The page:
The true history of Chocolate

During the reign of the great Mexican Emperor Montezuma, cocoa beans were a valuable commodity, even used as currency. Perhaps that is why Montezuma sent cocoa along with gold and silver to meet the ship of explorer Hernando Cortez. The Aztec society which Montezuma ruled over prepared a chocolate drink that was believed to enhance sexual prowess, impart wisdom and provide great energy. The formula for this drink, which was guarded by the upper classes, was brought back to Spain by Cortez.

Though the Spaniards did not care for the bitter "divine" drink, innovation stepped in. With the addition of hot water, sugar, vanilla and cinnamon, a delicious new drink sensation was created. One hundred years later a Spanish Princess married into French royalty and brought with her the secret of the cocoa elixir. Culinary trendsetters that they were, the French popularized the chocolate drink to the point where chocolate houses appeared, forbearers of the modern day coffeehouse. truffle.gif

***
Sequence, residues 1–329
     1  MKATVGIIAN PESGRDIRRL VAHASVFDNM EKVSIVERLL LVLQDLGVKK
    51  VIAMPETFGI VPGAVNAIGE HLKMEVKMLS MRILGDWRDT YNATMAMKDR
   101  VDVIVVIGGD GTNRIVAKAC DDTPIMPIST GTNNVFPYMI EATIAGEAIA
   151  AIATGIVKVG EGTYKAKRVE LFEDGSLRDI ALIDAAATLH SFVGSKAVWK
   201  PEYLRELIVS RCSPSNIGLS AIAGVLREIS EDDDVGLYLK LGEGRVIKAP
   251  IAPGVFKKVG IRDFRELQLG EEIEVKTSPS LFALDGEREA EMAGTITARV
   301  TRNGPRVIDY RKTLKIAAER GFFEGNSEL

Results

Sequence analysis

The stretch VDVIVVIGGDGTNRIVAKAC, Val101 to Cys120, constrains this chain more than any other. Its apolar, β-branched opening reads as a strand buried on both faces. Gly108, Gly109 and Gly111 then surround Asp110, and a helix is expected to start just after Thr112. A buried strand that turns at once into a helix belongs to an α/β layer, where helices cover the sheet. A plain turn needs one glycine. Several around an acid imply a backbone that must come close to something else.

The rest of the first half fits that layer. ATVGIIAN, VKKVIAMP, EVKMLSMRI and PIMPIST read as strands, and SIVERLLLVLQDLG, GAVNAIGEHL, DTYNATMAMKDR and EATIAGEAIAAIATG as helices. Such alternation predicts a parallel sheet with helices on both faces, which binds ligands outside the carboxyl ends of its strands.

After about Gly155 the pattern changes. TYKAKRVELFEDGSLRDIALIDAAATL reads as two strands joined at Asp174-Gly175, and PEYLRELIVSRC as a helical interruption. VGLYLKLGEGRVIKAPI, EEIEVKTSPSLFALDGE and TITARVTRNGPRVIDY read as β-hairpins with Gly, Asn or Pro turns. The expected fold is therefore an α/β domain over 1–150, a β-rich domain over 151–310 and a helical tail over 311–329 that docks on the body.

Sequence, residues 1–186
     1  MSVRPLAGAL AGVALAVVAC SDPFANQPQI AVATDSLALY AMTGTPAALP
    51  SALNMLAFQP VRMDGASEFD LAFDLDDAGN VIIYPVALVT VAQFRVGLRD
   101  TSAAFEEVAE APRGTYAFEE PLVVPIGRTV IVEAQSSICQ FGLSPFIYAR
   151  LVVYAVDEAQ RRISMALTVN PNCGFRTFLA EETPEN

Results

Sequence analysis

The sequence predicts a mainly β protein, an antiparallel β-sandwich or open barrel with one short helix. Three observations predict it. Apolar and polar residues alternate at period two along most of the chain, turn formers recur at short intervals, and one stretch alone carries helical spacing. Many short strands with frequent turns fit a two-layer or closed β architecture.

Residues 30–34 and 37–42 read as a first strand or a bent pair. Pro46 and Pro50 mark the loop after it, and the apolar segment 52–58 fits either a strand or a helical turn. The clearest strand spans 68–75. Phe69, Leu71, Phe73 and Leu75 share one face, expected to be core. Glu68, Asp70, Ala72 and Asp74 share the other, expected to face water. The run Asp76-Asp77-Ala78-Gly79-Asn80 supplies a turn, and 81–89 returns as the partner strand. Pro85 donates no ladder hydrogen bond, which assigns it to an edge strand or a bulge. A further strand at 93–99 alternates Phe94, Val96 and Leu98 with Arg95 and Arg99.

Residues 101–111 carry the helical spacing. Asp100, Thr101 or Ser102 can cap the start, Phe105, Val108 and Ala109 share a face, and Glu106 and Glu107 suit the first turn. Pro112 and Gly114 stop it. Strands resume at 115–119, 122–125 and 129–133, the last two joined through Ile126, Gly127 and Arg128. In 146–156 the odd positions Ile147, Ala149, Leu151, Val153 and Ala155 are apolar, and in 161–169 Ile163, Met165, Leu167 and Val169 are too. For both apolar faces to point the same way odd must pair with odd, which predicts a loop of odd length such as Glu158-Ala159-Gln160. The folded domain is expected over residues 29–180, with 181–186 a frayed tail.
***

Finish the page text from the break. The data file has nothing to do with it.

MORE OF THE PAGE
A Swede named Linnaeus christened the chocolate plant Theobroma cacao, or "food of the gods". The Swiss contributed most to the refinement of chocolate as we know it today, isolating the various elements of the cocoa bean into cocoa powder and cocoa butter, also developing milk chocolate and a smoother texture for melt-in-your-mouth chocolate.

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